croissants

croissants

You know those mornings? When you’ve had a full week at work and then a Saturday class from 9am and then you still have to get up, even though it’s Sunday, because – through some fault of bad planning or maybe just because whoever’s in charge has something against you personally – it happens to be the third Sunday in the month which is the day you do volunteering for a charity an hour’s drive away? Well, these croissants will make it all better.

Yes, they’re a bit of a faff, but it’s totally worth it. They freeze well and can be baked from frozen for those emergency croissant moments. We all have them.

Recipe after the jump.

croissants
Recipe from Richard Bertinet, via delicious magazine. Disclaimer: you will need a free day for this. Do not attempt them if you don’t have one; that way madness lies. The croissants aren’t that involved to make, but they need quite a lot of resting time in between stages. You can spread it out over a couple of days if needed.

To freeze, put the unbaked croissants on a tray so they aren’t touching, and put them in the freezer. Once frozen, transfer them to a freezer bag. They can be baked from frozen at 180°C/fan160°C for 18-20 minutes. With most frozen breads, I’d defrost them overnight in the fridge and then bake, but this really doesn’t work for croissants. I speak from experience.

Makes 14 croissants.

500g strong white bread flour
20g fresh yeast (I asked at the counter of my local bakery for mine)
10 salt
50g caster sugar
1 large egg
125g cold milk
125g cold water
200g chilled unsalted butter

1 egg, to glaze

First, get yourself ready. You’ll need a big bit of clear side, a tray or chopping board that fits in the fridge and enough room in the fridge to put it.

Put the flour in a large bowl and rub the yeast in with your fingers, then stir in the salt and sugar. Add the egg, milk and water and mix together, using a dough scraper if you have one (or your hands would be fine if you don’t). When the dough comes together, turn it out onto an unfloured work surface and knead for 4-5 minutes.

Make the dough into a ball, cut a deep cross in the top, and put it into a lightly floured bowl. Cover with clingfilm (leaving a bit of slack above the bowl for the air to move into as the dough expands) and rest in the fridge for at least two hours – the dough can be left overnight at this stage. Turn it out onto a lightly floured work surface, and roll it out into a 25cm square.

Take the butter out of the fridge, and sandwich between two pieces of baking paper or split freezer bags. Use a rolling pin to lightly tap the butter into a square about 1cm thick and 13cm wide, touching it as little as possible to avoid warming it up. Remove the top piece of baking paper and use the bottom one to lift the square of butter and put it neatly in the middle of the dough square.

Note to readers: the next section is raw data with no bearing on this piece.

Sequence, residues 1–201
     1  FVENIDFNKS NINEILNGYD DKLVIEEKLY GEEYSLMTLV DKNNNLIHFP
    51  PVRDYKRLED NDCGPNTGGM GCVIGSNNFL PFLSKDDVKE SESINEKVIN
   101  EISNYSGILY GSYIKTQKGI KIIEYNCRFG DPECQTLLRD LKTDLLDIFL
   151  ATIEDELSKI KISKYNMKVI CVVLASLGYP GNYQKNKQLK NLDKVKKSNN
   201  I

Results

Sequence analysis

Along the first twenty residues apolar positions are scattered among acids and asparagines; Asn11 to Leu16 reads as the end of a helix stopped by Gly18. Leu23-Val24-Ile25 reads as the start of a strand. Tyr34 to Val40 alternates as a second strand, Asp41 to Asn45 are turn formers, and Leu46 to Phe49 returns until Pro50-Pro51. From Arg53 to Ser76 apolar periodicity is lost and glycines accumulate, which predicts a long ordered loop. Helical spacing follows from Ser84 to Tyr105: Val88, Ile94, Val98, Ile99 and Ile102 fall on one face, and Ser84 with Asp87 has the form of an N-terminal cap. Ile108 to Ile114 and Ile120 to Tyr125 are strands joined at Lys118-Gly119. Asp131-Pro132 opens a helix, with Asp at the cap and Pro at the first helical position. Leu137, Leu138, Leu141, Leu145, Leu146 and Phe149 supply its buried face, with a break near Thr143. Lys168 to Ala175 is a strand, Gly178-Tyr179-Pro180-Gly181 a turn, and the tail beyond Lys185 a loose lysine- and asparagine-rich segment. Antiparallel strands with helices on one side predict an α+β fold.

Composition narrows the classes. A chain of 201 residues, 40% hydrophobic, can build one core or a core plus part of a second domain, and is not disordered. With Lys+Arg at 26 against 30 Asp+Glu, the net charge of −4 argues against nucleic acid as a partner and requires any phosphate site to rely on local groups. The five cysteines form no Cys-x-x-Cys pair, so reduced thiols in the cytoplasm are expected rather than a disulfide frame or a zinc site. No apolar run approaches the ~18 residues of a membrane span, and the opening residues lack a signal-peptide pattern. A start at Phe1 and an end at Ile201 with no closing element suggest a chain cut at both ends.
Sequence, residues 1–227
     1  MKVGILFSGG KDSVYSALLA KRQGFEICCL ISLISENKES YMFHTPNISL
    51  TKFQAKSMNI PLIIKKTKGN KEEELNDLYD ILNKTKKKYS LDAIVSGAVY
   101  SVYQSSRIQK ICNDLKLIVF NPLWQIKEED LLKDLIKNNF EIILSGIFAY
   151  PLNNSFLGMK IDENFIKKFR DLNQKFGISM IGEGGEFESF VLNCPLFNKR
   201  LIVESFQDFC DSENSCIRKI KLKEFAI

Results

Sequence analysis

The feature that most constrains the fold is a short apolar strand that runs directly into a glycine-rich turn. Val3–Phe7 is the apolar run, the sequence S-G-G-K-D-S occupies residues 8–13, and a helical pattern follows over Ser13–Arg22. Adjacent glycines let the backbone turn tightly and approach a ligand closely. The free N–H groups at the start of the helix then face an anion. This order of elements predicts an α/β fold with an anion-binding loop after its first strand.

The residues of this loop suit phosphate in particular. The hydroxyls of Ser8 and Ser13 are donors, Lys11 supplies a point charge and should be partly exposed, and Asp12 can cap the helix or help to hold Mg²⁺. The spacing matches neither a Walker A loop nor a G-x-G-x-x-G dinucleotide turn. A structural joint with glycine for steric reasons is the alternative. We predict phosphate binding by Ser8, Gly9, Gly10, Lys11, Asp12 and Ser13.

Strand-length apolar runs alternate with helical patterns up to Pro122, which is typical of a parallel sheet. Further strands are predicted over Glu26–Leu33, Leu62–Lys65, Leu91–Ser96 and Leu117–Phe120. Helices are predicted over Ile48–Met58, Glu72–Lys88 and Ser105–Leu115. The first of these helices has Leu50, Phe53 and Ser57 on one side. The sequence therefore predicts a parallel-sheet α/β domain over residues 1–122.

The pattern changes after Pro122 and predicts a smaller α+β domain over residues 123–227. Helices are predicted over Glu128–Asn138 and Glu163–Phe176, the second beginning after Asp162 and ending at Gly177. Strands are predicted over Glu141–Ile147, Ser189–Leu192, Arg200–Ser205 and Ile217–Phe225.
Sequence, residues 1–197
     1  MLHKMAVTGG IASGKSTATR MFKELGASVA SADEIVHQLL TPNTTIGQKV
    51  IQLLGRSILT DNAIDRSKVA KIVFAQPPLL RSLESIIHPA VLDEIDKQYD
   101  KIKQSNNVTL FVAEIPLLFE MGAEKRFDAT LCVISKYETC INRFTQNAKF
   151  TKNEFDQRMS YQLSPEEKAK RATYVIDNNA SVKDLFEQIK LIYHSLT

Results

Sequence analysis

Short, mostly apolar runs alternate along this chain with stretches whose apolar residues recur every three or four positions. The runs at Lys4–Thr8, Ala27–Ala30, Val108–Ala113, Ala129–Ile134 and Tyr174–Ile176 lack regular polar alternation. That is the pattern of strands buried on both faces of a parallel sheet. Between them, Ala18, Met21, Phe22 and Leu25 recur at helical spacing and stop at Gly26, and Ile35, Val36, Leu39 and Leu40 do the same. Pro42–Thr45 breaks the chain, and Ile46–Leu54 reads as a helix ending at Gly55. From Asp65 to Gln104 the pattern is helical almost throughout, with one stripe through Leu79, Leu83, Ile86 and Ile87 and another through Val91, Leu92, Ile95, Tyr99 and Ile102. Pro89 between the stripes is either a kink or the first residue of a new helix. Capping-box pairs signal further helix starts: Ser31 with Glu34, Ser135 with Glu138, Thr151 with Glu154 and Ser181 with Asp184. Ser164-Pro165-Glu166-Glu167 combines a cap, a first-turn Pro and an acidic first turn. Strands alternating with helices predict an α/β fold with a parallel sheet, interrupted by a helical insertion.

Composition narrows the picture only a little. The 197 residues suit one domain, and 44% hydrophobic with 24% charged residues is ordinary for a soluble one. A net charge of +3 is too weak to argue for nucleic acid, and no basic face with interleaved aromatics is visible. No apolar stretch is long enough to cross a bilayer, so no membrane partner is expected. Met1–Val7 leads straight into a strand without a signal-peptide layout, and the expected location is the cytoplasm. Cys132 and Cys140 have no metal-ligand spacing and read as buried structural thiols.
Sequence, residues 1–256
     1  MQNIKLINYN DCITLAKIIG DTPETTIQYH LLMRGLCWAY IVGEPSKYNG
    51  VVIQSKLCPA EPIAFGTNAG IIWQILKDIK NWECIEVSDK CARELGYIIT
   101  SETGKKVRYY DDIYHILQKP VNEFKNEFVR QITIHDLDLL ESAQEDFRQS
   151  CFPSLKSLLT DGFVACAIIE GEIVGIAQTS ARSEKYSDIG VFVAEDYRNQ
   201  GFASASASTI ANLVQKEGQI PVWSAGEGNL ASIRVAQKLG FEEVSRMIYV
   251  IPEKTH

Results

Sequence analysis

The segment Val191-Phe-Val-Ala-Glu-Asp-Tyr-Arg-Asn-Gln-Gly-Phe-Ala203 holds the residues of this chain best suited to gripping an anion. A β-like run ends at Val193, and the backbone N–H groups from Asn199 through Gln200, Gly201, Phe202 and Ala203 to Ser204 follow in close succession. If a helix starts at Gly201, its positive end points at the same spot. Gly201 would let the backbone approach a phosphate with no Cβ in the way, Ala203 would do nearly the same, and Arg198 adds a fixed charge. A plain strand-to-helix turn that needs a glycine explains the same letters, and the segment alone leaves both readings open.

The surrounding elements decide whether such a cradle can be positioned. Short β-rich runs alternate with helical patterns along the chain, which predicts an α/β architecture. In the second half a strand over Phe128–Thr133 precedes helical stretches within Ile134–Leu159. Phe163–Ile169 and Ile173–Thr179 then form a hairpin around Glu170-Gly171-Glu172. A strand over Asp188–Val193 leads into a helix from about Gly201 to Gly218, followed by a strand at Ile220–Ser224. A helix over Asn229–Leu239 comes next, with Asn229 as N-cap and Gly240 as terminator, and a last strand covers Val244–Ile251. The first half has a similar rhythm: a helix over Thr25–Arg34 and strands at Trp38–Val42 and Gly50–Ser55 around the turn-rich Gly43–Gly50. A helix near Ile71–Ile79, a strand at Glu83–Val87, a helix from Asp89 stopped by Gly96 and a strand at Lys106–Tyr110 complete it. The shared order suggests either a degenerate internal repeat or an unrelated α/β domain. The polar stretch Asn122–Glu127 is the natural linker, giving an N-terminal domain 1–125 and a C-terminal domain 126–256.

Fold the four overhanging sides of the dough over the butter, then roll out in one direction only until your square has become a rectangle about 60-70cm long. Be gentle with the rolling, not too gung-ho, and keep your hands at the edge of the rolling pin to help distribute the pressure evenly. Keep gently lifting the dough and shuffling it around on the work surface to stop it sticking. Stop rolling before you reach the edge of the dough, so that the butter isn’t squeezed out of the end. You’re aiming to keep it neatly contained within the dough.

Once you have your rectangle, fold it into thirds like a letter: top third down and then bottom third on top of this. You can make a little dent in the top to remind yourself it’s the first stage of folding, if your memory is as bad as mine. Pop it onto your plastic tray, cover with clingfilm and put in the fridge for 30 minutes.

Re-flour your work surface and put the dough on it with the short end towards you. Roll it out as before and then fold into thirds again, folding the top third down and the bottom third up. Make two dents in the top and go back through the tray/clingfilm/fridge rigamarole (30 minutes again, I’m afraid).

Repeat one more time (you guessed it: this time, three little dents)

Roll out your dough into a rectangle 30cm by 75cm (a hint: most kitchen sides in the UK are about 60cm deep. You may want to bear this in mind before you decide which direction your rectangle will face). It should be 4mm thick.

With a large, sharp knife, cut lengthways down the middle and trim the edges to make a neat rectangle; make sure you are pressing straight down with your knife and take care not to drag. You can either discard the trimmings or roll them up into little pinwheels and pop them in the oven. You can guess which I chose.

Cut a zigzag down each strip, so that you have 7 large triangles per side. The base of each triangle should be about 9cm. Make a 1cm cut from the middle of the bottom of each triangle straight up towards the point – this will help you curve them neatly into little crescents.

Gently roll each triangle up from the bottom, pulling slightly at the slit to curve. Roll backwards and forwards with your fingertips a couple of times to seal. Brush the tops with egg wash, taking care not to get any sticking the folds together, and put them on greased or lined baking trays, leaving space for them to expand. Prove in a warm place for 2 hours, and put your pot of egg wash in the fridge.

At this stage, you can cover your finished croissants loosely with a large freezer bag, and leave them in the fridge overnight to be baked the next day.

Preheat the oven to 190°C/fan170°C.

Re-egg wash the proved croissants, then bake in the oven for 15-20 minutes until golden, trying not to open the door of the oven too early in the process.

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